- The oxidant agent is produced in situ, therefore there is no need to add external compounds to the process;
- The process doesn’t require significant amounts of energy, presenting low operation/processing costs;
- All reagents used are not expensive and are relatively easy to obtain. These reagents can be recovered in the process with high yields;
- DESulphur uses relatively low temperatures and pressures (which involve lower costs), comparing to HDS, for example.
- The process doesn’t present any safety hazard in terms of storage and handling, and all operative conditions are reasonable.
- Process compatible with low flow rates, it can be implemented on board ships allowing them to burn fuel with the appropriate content of sulphur. By-products can be treated as oil residues by dedicated on-board systems and dispensed in the usual way.
The TecnoVeritas Desulphurisation technique is disruptive compared to the other classic techniques, due to the fact it uses a higher oxidative potential agent produced in-situ and cleaner. The produced oxidant guarantees in combination with the ultrasound effect a more efficient oxidation of the Sulphur species, allowing an easier removal.
The purified fuel (with lower sulfur content) maintains its desirable properties and can be used for maritime applications, but it is not limited to it.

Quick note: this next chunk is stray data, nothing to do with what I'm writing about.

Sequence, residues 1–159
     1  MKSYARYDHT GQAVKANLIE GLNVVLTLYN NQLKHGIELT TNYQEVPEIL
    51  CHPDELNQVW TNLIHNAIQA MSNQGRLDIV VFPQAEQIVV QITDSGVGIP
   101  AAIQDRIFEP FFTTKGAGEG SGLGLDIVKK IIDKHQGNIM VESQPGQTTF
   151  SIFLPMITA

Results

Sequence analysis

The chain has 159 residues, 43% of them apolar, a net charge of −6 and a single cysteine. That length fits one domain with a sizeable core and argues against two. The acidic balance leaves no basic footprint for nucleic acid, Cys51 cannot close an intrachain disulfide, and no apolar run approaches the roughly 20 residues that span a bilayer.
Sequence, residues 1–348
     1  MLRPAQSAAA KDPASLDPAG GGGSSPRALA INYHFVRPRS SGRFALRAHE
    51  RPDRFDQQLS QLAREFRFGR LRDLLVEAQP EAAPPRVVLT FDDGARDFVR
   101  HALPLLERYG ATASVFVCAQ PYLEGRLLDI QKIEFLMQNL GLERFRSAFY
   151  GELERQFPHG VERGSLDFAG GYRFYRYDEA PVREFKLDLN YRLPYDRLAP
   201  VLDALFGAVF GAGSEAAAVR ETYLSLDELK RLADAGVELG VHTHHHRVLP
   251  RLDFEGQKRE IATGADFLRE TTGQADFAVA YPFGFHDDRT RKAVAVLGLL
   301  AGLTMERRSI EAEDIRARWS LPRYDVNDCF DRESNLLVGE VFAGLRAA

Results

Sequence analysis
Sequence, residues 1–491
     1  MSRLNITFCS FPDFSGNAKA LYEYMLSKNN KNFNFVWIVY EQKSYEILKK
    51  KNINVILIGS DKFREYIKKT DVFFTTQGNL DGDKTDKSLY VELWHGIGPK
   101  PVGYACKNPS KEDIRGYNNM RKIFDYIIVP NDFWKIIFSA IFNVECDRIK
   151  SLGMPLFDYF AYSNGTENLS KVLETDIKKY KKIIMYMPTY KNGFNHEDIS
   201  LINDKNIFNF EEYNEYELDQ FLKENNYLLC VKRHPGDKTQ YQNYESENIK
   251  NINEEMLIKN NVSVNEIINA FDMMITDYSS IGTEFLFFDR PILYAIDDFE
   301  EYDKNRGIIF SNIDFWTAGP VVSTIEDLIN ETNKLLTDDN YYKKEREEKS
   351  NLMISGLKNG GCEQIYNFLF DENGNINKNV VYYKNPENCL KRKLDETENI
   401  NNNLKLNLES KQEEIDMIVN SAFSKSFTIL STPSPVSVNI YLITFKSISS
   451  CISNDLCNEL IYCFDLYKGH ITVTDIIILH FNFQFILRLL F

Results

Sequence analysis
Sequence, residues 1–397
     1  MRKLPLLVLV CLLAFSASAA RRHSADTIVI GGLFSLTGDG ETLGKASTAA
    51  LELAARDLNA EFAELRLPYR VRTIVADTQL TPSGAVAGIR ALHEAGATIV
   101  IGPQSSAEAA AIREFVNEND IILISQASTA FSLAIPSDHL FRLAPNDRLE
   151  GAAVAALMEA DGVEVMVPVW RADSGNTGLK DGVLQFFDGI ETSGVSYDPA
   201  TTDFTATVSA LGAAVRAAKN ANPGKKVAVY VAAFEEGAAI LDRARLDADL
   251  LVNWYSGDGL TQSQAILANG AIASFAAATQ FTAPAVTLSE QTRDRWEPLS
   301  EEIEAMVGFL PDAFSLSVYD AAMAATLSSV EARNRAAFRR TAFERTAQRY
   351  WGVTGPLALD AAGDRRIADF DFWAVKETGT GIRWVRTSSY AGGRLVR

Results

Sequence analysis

Market and Applications
It can be used on a global scale (within maritime and industrial sectors), with a special interest in countries with seaports delivering greater economic, energy, operational/safety and environmental advantages. An example of sectors in which it could be used is petroleum industry, waste treatment and recovery of fuels, fuel producers, global industries that use heavy fuel in their activities or naval sector.
A brief economical evolution of the process was made to establish its viability. For instance, consider an installation that processes 4 tons of fuel per hour, the estimated investment is calculated to be recovered in about 9 months. The calculations were made taking into account the current fuel prices, assuming a unit utilization factor of 80%, and including the maintenance cost of the desulphurization plant.
TecnoVeritas developed a revolutionary product that could be the solution to solve a global problem of harmful emissions to the environment. It can offer numerous advantages compared to conventional desulphurization techniques. Its applications can be applied to a worldwide level, considering the diversity of customers that can go from industrial to the maritime sector.